• 1 pm: I have the pleasure of attending a workshop with Arjay Centeno & Jennifer DeLuca, who surprise and inspire me by talking all about how important the breath is while dancing because it calms the body and enables communication with your partner. They have us breathe deeply in, pause slightly at the top, and exhale through our movements. I’m so excited and grateful I almost can’t contain myself. 
  • 3:15 pm: I spend the next several hours trying to find my full yogic breath while social dancing in between comps. Initially it’s distracting, and I can’t do that and keep my steps. But after a short time, I start to find it to be seriously grounding. Just what I need. I do feel as though my breath can breathe life into my dance!
  • 4:30 pm: My roommate and I rush to get ready for comps. We’d been chatting about this amazing rhythmic yoga flow and completely lost track of time. I have 3 really fun dances, where I breathe and feel comfortable in my body while on the competition floor. (Competing without freaking out has been an issue for me for as long as I’ve been doing these events.)
  • 5 pm: Some friends get called back for Novice semis. I quickly run to the restroom so I can be back in time to watch them dance. When I emerge from the stall, I see a wall of urinals and a close friend says, “Jen, you in the right place?” I panic and run out, amazed at how un-mindful I’d been. I continue this pattern by nearly sitting on a guy’s lap when I get back into the ballroom because he’d taken my chair. My friends think all this is hysterical.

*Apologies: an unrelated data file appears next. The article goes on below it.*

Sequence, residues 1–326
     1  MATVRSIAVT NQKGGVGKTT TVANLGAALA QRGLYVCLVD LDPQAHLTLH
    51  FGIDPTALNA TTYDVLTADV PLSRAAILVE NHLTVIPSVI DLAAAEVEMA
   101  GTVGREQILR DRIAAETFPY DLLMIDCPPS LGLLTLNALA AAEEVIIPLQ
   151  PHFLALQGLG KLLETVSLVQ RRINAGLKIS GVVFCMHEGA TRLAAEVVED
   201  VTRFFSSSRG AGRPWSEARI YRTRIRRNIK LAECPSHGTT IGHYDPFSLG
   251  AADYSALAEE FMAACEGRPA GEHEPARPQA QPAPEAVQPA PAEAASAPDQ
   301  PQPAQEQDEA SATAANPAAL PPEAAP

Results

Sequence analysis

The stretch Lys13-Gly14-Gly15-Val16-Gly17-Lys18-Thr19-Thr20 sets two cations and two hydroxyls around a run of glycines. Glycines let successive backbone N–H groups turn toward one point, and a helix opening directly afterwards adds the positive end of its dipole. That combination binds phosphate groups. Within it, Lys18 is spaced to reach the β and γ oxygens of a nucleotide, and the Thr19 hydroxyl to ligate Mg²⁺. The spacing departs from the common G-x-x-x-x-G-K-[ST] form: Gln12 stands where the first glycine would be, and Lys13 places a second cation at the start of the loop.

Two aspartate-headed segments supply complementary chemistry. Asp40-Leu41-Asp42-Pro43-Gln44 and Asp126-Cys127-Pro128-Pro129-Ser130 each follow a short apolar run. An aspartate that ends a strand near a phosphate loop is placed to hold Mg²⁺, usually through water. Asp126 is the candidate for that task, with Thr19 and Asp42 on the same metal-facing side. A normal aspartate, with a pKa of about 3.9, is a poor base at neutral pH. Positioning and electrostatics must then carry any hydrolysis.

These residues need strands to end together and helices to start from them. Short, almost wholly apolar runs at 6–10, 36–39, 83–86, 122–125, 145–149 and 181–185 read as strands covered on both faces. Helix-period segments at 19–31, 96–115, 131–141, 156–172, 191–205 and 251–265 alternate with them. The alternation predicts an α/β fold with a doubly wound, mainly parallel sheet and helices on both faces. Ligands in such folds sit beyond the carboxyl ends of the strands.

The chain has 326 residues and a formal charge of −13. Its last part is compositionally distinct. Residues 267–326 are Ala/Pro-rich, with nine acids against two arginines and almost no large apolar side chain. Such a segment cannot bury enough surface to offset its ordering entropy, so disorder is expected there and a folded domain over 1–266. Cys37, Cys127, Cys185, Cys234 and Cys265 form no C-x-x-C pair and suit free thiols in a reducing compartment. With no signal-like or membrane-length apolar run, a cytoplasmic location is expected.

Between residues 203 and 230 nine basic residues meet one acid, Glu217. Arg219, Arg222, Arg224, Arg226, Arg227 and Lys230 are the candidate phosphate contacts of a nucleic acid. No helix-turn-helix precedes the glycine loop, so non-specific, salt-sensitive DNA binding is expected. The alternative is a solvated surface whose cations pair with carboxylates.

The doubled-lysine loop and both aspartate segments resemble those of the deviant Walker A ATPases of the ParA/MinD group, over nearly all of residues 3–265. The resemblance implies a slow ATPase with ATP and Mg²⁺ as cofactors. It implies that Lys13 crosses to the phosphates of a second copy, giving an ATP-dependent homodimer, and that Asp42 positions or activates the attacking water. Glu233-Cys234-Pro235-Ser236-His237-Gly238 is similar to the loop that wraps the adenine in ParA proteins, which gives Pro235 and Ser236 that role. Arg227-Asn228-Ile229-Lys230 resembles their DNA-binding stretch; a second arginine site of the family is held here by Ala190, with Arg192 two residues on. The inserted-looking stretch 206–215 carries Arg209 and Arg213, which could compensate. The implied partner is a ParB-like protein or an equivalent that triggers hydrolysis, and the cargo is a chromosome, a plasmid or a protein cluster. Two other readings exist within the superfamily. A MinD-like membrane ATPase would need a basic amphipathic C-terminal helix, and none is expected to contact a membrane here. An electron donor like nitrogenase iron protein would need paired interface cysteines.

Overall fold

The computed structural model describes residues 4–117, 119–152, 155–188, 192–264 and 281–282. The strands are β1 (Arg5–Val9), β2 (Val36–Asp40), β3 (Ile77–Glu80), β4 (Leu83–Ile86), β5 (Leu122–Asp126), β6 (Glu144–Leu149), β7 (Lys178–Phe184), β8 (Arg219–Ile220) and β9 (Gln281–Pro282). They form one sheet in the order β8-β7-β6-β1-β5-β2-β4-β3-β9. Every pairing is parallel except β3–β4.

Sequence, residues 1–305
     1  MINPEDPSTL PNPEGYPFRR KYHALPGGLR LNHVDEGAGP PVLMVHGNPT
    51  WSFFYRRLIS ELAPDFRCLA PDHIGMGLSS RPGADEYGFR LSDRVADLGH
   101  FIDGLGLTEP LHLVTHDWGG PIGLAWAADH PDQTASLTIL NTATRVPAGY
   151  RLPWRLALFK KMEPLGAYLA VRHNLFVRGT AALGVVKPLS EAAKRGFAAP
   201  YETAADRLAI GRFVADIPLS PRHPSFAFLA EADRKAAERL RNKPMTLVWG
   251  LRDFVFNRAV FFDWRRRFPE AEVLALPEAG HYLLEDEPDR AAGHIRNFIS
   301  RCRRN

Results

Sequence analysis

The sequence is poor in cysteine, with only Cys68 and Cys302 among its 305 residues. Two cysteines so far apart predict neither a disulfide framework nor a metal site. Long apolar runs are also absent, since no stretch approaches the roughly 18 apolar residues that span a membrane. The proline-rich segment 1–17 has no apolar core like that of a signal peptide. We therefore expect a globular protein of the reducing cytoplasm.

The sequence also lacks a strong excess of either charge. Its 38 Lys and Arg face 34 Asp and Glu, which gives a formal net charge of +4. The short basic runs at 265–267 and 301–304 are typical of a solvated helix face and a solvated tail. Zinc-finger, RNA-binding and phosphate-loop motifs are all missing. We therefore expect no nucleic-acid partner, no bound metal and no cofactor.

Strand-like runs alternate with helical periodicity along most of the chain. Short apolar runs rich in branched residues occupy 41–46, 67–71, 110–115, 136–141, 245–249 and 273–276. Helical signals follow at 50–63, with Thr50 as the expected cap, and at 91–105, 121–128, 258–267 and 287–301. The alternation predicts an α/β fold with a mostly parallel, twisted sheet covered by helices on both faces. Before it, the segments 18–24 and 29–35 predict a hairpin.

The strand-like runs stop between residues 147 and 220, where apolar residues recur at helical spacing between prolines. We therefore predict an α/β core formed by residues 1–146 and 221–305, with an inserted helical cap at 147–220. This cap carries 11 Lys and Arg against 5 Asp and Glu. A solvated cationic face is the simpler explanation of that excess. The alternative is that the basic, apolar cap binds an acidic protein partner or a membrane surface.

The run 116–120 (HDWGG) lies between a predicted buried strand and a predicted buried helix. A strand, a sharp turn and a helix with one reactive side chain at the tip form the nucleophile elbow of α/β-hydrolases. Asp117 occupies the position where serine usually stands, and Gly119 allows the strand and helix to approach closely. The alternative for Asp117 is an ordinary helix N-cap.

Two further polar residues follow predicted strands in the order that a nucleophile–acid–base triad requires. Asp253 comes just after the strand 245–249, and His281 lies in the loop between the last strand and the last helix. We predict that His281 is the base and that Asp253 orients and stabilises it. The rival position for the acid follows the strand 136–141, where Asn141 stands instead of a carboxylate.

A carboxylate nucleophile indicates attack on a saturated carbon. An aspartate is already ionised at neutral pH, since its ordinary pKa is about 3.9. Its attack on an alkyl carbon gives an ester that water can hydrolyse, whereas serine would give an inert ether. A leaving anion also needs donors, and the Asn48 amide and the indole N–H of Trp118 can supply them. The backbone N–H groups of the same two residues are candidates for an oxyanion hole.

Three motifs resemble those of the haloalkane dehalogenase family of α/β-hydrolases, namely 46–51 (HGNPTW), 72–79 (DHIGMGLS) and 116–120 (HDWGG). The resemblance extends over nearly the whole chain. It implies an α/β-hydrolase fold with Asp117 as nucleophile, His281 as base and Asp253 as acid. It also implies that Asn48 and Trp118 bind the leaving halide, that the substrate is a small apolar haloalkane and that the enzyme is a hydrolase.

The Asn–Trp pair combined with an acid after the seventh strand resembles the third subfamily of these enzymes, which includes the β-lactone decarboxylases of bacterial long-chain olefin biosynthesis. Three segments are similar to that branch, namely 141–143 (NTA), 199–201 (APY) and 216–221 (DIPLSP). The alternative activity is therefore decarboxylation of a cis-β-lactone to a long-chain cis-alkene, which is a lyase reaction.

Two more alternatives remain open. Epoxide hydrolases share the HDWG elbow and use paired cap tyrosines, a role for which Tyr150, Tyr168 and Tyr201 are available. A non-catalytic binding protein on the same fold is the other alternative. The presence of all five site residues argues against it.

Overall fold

• 6:15 pm: A pro tells me and  a friend / fellow competitor that we looked good on the floor. I start to have hopes of making finals.
  • 7 pm: I realize once 5 of us arrive at the Green Land Cafe for dinner that I’ve screwed up the reservation and we don’t have one. My friends are so kind (reminding me also of my earlier restroom mishap) and the restaurant is accommodating. I breathe with the discomfort of not being perfect, and try to accept that that’s really OK.  My friends love me anyway.
  • 8 pm: I find out I’m only one of three other girls cut completely from the finals list. Part of me says, “of course, you haven’t danced in 3 months, what do you expect?” Another part is sad and disappointed. Yet another is thrilled for my roommate, who did make the cut. Behind it all, my true Self is amazed I’m actually remembering my yoga training and starting to allow myself to feel each layer of my emotions.
  • 9 pm: I’m really tired. One of my roommates talks me out of breaking my Buddha cleanse with a coffee. I decide to do Viparita Karani instead, but never end up actually doing it.
  • 9:30 – 11 pm: I do battle with my “itty bitty shitty committee”. My roommate tells me to dance with this advanced guy–I do, and while it was fine, I still feel like it was a “pity dance”. When she wants to teach yoga with me at dance events, I wonder why. I want to eat something I shouldn’t. I doubt my ability to be a good dancer, a good yoga teacher, to maintain a healthy body. I see a woman who I’ve had issues with in the past and this riles me up. I reluctantly dance with the beginner who keeps asking me, and wonder why on earth he’s so persistent. Then suddenly I remember my intention for the weekend: FUN!